Euro investors say sentiment up in January

EUROZONE investor sentiment is now at its strongest since the first half of 2011, before the European Central Bank’s (ECB) aborted attempt to lift interest rates.

Investor sentiment reached 13.3 in January, according to research firm Sentix’s index, with any number over zero indicating a positive outlook. The figure was last higher in April 2011.

Despite the improvement to overall confidence, official figures yesterday also revealed that French industrial output declined at the end of the fourth quarter, dropping by 0.3 per cent from December.

The consensus prediction from economists was for output to stay flat.

At the end of the week, official figures for French GDP in the fourth quarter will be released, revealing whether the country has fallen back into recession for the third time since the financial crisis.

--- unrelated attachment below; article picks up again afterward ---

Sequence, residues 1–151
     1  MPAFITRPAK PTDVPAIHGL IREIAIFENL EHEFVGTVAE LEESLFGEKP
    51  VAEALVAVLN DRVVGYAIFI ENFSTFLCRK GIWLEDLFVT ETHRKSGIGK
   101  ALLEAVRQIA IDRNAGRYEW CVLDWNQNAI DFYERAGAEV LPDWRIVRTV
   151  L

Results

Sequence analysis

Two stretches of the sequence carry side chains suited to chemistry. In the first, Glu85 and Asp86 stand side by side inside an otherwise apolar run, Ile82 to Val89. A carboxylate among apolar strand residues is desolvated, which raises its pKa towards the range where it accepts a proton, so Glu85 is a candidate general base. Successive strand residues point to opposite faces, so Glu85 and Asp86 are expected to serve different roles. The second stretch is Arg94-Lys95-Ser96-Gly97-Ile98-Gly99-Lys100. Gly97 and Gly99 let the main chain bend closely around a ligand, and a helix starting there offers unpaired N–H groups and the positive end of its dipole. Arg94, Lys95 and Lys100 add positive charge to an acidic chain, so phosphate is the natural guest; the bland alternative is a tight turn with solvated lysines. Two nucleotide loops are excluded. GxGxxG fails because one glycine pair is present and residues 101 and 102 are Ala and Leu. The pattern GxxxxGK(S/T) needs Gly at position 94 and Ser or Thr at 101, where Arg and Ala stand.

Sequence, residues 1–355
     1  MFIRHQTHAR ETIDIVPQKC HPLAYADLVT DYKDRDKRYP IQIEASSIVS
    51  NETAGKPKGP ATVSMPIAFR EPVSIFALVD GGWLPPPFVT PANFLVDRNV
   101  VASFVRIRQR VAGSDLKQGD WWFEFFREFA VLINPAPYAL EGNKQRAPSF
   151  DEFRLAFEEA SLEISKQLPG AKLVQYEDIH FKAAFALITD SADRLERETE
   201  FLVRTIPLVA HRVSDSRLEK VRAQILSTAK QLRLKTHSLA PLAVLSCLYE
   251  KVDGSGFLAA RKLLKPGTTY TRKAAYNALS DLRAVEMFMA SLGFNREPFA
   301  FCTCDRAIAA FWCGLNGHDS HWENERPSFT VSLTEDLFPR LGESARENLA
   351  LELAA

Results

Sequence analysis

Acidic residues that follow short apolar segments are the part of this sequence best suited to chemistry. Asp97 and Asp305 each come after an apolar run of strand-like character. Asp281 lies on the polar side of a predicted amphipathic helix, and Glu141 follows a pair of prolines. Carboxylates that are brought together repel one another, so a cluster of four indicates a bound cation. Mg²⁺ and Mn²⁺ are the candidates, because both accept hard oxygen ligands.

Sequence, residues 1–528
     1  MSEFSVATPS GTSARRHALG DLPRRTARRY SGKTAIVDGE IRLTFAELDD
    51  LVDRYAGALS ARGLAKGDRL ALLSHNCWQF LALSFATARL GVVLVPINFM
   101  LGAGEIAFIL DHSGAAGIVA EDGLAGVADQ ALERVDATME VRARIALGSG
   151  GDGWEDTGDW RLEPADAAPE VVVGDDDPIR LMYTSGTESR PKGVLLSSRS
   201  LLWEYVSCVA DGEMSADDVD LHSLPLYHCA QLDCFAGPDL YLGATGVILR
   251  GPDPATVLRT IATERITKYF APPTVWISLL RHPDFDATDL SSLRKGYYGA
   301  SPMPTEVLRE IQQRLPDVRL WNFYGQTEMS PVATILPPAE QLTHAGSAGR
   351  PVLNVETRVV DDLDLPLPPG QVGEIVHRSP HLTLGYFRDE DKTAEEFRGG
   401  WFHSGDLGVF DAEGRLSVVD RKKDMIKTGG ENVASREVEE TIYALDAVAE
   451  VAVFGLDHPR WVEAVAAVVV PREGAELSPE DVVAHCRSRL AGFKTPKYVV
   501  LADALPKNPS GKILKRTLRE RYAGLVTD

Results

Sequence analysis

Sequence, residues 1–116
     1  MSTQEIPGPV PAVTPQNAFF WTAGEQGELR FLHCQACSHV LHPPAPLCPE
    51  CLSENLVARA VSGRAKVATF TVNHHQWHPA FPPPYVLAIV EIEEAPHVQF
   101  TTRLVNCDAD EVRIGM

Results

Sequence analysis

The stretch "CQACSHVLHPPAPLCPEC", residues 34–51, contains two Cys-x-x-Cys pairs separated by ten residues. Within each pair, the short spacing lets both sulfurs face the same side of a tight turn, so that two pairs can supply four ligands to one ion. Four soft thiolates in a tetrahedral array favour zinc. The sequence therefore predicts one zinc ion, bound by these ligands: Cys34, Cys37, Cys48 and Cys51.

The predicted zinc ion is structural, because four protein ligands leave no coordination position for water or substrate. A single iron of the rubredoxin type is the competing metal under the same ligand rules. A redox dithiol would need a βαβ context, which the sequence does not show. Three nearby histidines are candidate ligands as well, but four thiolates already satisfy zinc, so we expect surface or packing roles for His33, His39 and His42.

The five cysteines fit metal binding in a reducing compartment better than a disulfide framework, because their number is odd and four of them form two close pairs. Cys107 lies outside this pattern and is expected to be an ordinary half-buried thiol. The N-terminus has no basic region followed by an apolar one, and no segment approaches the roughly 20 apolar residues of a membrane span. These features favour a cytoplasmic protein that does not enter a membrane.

“Production rose 0.3 per cent quarter on quarter and 0.7 per cent year on year over the last quarter of the year, despite a decline in energy and refining output. This is consistent with a solid GDP growth; the actual figure is due on Friday, we expect it up by around 0.25 per cent,” said Dominique Barbet of BNP Paribas.

However, he added: “The 2014 first quarter outlook is less favourable.”

Greek industrial output also posted a rare improvement in December, up 0.5 per cent from the same month in 2012, the first time the measure has improved in six months.

The measure last rose in June.

Italy’s industrial output for December was also announced yesterday, Despite expectations for growth of around 0.5 per cent during 2013, production actually shrank by 0.7 per cent.

Despite inflation running at only 0.7 per cent in January this year, the nascent recovery in confidence and growth has held the ECB from further easing monetary policy, after a surprise cut in interest rates during November last year.

Forecasters at the National Institute of Social and Economic Research (Niesr) still project growth of only 0.8 per cent for the currency union this year, followed by 1.5 per cent in 2015, lagging behind other advanced economies.